The relationship between animal abuse and interpersonal violence

For thousands of years, humans have enjoyed a close bond with animals. Historically, animals have helped humans meet their needs for food, clothing, entertainment, and transportation. Animals are also a source of unconditional love. Interactions with animals can help decrease our loneliness and anxiety, promote social interaction, and encourage us to get much-needed exercise.

While animals contribute significantly to our quality of life, the sad reality is that animals may also be the victims of abuse or neglect at the hands of human beings. There is a growing awareness that cruelty to animals and violence to people are closely related. Studies have found that cruelty to animals is often both an indicator and a predictor of interpersonal, family and community violence.


The connection between interpersonal violence and animal abuse — commonly referred to as “the Link” – may be seen in a variety of ways:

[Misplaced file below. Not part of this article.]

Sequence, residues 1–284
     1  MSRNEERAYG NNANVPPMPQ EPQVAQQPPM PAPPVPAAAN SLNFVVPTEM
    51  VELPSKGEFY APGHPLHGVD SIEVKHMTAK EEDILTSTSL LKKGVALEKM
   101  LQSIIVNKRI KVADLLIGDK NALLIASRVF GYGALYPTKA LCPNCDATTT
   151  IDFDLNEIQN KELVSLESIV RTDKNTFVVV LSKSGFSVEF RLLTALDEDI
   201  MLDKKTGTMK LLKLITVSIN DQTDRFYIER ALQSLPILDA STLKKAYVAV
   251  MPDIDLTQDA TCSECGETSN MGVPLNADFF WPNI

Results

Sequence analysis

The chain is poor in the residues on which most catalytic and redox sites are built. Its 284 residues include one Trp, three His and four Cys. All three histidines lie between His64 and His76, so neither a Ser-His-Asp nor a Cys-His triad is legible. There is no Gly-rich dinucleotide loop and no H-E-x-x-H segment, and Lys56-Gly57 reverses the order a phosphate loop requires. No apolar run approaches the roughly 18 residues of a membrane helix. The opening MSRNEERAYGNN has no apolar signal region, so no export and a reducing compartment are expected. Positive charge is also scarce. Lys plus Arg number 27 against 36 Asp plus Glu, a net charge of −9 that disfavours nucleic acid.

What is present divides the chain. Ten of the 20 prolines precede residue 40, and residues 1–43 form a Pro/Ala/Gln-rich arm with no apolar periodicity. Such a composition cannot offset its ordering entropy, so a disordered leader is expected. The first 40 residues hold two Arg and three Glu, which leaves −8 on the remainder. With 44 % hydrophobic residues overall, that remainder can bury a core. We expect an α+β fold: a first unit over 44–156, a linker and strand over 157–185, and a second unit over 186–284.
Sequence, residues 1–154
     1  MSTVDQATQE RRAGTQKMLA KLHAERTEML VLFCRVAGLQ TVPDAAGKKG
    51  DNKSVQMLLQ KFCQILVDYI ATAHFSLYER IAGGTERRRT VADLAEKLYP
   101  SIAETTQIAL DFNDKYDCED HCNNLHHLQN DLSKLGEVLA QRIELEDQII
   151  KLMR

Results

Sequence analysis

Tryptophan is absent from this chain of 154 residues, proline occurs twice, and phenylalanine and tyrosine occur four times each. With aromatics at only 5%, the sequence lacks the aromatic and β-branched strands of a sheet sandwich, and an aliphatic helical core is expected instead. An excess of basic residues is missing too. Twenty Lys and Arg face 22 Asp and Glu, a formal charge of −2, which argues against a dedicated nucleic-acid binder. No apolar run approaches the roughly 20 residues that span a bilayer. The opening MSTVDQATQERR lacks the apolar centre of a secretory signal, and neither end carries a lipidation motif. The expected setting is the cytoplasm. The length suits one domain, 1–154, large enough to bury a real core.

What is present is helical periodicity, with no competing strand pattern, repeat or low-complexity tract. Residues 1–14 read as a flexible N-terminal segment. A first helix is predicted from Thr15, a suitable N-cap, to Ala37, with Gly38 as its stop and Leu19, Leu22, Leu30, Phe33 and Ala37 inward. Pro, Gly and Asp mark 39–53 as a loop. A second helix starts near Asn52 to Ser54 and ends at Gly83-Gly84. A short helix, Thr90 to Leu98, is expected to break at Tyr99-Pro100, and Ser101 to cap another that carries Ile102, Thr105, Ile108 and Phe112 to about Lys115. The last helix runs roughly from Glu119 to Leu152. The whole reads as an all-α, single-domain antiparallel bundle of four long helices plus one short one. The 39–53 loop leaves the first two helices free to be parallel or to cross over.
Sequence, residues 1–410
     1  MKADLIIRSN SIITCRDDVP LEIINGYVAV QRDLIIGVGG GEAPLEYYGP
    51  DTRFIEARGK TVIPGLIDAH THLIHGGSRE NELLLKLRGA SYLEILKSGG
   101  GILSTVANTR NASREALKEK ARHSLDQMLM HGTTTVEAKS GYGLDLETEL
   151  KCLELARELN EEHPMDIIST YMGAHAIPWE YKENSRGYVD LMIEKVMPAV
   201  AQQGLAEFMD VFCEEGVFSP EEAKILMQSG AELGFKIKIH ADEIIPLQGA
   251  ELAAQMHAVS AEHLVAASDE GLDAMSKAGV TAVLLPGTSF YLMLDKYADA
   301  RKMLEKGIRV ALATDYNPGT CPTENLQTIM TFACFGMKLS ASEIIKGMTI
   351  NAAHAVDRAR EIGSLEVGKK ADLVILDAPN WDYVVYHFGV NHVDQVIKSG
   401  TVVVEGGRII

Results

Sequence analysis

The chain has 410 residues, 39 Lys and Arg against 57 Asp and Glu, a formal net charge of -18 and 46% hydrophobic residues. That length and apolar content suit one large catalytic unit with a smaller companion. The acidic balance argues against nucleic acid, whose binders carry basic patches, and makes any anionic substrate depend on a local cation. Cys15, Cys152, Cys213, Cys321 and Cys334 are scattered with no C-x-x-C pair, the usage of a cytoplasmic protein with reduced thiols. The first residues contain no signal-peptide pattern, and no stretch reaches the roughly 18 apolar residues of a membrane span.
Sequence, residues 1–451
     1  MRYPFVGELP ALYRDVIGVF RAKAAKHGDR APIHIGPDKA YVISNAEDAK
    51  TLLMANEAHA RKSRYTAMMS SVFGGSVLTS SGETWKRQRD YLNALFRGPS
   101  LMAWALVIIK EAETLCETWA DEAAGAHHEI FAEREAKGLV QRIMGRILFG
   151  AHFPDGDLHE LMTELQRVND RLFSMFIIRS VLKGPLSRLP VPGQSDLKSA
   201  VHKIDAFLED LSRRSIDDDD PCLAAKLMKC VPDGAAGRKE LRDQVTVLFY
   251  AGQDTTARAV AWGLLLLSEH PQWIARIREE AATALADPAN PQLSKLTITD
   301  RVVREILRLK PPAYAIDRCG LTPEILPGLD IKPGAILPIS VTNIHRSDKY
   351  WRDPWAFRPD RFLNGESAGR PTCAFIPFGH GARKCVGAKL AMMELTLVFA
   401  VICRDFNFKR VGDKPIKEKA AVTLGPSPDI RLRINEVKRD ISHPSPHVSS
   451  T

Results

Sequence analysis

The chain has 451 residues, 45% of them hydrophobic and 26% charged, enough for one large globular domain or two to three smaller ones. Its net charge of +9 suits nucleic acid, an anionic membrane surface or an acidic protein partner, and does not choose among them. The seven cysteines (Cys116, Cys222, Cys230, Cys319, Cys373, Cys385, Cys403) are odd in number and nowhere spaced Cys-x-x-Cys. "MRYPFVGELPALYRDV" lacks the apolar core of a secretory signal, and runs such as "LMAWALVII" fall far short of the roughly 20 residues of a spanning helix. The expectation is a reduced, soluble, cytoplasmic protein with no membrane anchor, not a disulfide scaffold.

• when animals are being abused in the home, there is the possibility that children and adults in that home may also be at risk;

  • when a child abuses animals, this may be an indicator that the child is also a victim of abuse; and

  • the abuse of animals by a child may be a warning sign of possible violent behaviour later as an adult.


Informational Brochures

The Saskatchewan SPCA has developed a series of brochures outlining pet safety planning and how to recognize and report abuse.

Discussing the Violence Link on Talk to the Experts

In the video below, you will learn more about the Violence Link from the Saskatchewan SPCA's Sandra Anderson and Leanne Sillers on 650 CKOM’s Talk to the Experts.

If you are in danger, call 911 immediately. 

This site is intended as a collection of resources and information regarding the Violence Link, a sensitive and real topic.

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